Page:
Sunday, June 17, 2007

BBC, the end of traditional control



Always interesting to hear what one of the world's largest public broadcasters is doing with the world's largest search engine. Mark Thompson, DG of the BBC, spoke recently at the Google Zeitgeist conference about sharing content on the Web and how BBC is changing with technology. There are two curves, one of which the BBC does control through its editorial selection process, the other growth curve is what the audience is up to, for which the BBC has no control. So the current thinking is to play with short-form content on You-tube and look at other ways to get high quality, long form content onto traditional devices like TV screens. Interesting question, about 4 minutes before the end, about the bandwidth issues BBC can expect when the i-Player really does take off next year. The prediction given is that 25% of the broadband bandwidth will be linked to rich content providers like the BBC. Personally, I think there will be hybrid systems for quite a while. It will be a long time before my cable company or ADSL can provide the kind of HD bandwidth I am getting now through satellite. The types of technologies like Joost and Babelgum are therefore very interesting as one way of tackling the bandwidth crunch.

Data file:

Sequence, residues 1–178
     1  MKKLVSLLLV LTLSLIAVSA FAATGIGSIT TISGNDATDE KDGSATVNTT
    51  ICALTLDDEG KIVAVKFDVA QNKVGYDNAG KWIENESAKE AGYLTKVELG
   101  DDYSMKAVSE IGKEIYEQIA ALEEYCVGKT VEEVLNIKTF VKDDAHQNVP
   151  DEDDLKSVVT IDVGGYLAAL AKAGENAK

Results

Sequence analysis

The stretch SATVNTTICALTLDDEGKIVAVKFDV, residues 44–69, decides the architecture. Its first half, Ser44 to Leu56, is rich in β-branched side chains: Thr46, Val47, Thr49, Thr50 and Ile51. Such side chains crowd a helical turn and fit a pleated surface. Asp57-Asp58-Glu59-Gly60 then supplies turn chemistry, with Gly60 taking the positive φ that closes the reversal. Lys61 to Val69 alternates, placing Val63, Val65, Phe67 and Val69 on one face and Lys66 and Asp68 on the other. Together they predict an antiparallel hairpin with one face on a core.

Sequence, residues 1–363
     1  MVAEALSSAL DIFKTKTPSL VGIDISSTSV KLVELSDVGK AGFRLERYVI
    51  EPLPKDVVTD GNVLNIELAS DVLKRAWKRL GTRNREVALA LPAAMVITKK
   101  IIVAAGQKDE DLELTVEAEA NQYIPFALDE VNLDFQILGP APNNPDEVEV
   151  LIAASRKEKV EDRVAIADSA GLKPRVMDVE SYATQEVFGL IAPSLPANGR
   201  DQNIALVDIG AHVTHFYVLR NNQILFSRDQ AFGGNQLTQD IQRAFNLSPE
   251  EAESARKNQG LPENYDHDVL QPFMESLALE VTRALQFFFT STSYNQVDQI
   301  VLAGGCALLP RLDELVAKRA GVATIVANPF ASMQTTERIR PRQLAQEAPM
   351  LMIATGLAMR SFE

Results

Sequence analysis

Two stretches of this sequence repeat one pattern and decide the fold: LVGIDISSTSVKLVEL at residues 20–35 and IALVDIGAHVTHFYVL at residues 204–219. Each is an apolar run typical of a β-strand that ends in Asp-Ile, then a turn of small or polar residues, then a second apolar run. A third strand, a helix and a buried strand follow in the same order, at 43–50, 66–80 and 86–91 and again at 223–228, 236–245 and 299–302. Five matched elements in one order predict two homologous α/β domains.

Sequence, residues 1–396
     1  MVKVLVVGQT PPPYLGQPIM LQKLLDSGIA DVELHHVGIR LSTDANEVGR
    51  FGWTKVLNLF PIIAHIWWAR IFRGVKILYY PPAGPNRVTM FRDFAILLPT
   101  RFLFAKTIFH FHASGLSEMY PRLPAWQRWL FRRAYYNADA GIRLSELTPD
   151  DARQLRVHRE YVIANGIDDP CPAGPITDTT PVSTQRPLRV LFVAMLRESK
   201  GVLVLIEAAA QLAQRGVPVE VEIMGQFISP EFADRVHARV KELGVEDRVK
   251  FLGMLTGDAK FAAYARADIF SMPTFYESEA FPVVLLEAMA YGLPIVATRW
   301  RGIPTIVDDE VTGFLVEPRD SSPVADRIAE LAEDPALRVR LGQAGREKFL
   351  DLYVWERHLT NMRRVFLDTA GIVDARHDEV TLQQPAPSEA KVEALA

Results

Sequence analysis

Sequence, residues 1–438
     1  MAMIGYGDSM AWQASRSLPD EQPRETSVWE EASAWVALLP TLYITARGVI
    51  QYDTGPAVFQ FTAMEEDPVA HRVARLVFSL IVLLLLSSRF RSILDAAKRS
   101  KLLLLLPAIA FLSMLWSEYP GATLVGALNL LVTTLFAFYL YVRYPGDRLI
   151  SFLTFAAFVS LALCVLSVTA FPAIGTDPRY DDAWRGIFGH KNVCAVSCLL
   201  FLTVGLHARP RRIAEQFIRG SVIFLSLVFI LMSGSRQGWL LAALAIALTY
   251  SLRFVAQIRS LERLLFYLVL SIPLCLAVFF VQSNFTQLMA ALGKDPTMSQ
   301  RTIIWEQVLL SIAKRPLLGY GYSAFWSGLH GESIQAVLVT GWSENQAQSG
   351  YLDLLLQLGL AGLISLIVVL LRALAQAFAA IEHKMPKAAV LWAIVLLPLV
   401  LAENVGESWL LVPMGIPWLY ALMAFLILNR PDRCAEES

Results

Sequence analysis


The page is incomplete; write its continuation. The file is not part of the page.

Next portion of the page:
Mark also mentions that 46 million people access BBC content from abroad per month and the total downloads are now running at 1200 Terabyte a month. That means Internet usage is approaching BBC World Service radio usage in some overseas markets, especially when international broadcasters measure their audiences as anyone who has listened "at least once a week".
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